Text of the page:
It isn’t obvious why rich white Americans should have become Mask Karens. All through the first half of 2020, the World Health Organization told humans that masks for the general public wouldn’t save them from a respiratory virus (archive.org). Looking at infection and hospitalization rates versus mask law dates does not suggest a strong and reliable effect. Some charts:
A friend who is a professor of cognitive science:
It’s the usual causality problem with epidemiology. Upper middle class Northeasterners (like me) are adamant about mask wearing, and they rarely get sick. So it must be working.
In other words, “Coastal Elite” (at home on Zoom) and “Essential Critical Infrastructure Worker” (exposed to dozens or hundreds of strangers each day) seldom overlap. (See also infection/death rates versus race.)
Professor Karen didn’t think that a mistaken belief regarding the efficacy of masks was bad because it would help Biden/Harris defeat Donald Trump. It turns out that a guy whose salary has depended on government funding for four decades is a passionate supporter of the political party that promises to expand government…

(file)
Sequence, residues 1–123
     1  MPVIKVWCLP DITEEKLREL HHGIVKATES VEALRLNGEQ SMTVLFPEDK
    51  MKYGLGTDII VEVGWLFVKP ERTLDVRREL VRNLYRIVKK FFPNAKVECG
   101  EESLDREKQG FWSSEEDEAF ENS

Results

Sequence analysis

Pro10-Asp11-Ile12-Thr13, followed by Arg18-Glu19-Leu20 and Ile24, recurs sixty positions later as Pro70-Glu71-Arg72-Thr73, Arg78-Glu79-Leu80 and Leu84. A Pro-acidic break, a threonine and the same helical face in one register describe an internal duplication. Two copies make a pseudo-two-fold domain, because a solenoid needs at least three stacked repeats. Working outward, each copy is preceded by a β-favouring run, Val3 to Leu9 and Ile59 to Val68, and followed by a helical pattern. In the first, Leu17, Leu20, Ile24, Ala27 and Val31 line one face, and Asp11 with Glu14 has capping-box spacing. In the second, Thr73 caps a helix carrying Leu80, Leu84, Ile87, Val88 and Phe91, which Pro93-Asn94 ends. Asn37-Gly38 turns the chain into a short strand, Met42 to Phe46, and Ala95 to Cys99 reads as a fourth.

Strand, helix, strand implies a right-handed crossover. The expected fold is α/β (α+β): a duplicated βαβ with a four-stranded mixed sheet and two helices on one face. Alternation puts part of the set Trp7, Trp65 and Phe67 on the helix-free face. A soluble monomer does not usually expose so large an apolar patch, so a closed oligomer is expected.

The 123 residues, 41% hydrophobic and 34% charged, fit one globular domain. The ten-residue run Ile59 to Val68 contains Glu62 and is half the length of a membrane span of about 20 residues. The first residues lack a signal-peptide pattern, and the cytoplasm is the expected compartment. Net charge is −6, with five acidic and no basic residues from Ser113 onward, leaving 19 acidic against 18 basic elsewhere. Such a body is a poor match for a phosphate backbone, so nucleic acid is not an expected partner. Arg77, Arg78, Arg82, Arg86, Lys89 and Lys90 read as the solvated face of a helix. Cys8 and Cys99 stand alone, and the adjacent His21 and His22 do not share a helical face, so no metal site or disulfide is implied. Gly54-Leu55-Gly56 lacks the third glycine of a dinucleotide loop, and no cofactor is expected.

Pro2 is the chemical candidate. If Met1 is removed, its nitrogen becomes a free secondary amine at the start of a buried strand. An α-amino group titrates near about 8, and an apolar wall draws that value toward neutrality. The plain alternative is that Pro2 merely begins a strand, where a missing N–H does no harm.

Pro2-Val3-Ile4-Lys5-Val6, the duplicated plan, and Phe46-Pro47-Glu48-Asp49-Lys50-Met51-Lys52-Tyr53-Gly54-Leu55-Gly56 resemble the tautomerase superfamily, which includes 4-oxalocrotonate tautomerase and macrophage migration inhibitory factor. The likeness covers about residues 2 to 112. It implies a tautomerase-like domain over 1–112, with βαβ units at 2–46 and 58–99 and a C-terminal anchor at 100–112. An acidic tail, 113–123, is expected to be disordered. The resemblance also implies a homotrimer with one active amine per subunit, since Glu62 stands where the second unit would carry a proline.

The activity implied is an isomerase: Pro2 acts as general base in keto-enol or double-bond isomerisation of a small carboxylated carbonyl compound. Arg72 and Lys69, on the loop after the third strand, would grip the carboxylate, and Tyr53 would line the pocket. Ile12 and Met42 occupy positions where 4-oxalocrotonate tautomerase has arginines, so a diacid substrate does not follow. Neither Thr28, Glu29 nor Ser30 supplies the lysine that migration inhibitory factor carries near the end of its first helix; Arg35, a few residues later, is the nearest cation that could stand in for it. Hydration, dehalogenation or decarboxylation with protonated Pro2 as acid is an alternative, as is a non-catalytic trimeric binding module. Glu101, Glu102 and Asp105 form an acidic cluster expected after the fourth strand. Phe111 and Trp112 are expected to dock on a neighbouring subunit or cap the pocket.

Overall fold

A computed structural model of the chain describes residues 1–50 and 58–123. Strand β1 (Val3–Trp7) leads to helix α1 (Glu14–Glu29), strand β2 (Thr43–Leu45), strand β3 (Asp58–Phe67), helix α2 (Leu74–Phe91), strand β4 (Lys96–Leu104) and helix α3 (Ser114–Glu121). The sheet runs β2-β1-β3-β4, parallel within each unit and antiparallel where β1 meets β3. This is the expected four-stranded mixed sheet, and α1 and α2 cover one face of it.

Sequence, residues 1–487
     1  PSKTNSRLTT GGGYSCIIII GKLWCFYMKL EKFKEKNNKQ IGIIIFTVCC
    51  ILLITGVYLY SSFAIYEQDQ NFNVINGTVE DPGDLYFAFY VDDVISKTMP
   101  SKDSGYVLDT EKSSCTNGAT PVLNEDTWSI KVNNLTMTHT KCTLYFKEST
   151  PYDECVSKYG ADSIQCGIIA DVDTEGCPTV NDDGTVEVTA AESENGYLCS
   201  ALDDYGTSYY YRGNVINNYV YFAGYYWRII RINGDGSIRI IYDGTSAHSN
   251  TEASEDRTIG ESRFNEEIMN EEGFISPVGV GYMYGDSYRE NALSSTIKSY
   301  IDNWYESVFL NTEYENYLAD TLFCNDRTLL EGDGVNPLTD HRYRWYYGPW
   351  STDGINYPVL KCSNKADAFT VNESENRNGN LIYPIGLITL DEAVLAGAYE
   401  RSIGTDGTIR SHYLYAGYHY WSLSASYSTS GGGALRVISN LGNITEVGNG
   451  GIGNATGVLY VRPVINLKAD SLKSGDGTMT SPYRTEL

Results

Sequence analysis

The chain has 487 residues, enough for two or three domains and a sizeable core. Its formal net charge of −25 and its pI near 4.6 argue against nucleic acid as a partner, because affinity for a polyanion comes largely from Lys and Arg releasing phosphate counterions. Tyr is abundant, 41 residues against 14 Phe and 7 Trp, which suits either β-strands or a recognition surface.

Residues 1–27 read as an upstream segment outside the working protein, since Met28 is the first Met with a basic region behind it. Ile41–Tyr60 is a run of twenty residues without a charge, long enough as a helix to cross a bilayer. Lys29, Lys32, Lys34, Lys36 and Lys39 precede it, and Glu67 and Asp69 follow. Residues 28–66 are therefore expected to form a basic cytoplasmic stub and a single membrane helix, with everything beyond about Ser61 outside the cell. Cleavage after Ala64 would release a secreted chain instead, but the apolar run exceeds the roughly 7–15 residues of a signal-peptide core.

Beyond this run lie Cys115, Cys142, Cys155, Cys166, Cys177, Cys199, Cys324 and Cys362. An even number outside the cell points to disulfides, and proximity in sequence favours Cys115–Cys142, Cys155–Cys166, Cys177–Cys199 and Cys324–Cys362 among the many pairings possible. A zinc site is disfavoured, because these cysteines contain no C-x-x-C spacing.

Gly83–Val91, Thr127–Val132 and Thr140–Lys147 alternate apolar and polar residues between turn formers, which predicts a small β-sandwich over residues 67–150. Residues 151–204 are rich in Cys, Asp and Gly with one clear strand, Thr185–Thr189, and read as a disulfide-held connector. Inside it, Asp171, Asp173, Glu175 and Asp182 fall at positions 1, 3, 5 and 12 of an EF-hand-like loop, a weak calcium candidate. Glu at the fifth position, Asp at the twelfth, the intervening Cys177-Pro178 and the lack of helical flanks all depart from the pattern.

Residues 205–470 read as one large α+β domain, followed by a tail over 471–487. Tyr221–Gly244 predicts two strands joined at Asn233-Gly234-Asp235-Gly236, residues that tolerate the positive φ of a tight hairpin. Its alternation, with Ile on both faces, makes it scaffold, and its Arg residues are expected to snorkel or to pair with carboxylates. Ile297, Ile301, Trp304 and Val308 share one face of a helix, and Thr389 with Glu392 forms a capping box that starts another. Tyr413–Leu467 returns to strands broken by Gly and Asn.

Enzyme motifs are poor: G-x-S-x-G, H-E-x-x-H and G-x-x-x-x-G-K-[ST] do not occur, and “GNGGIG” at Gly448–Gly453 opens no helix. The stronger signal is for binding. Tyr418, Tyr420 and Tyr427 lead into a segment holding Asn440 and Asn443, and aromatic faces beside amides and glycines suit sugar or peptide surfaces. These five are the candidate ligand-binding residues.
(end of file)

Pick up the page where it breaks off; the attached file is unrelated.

A few mask papers:
- Ahmad, et al (2001). “The Effect of Wearing the Veil by Saudi Ladies on the Occurrence of Respiratory Diseases.” Journal of Asthma, 38(5), 423–426. doi:10.1081/jas-100001497: The most interesting finding in this paper is that wearing the veil is more associated with asthma and the common cold. This is probably related to the means of transmission of respiratory tract infections, with the veil being so close to the face leading to a wet area in front of the mouth and nose that facilitates the growth of microorganisms
- “Unmasking the surgeons: the evidence base behind the use of facemasks in surgery” (JRSM, 2015): there is a lack of substantial evidence to support claims that facemasks protect either patient or surgeon from infectious contamination. … Masks are a quintessential part of the surgical attire that has become so deeply ingrained in the public perception of the profession. However, even today, it remains unclear as to whether they confer any tangible benefits to surgical outcomes.
Related (things that Americans aren’t doing because they believe that masks will, in fact, stop the plague):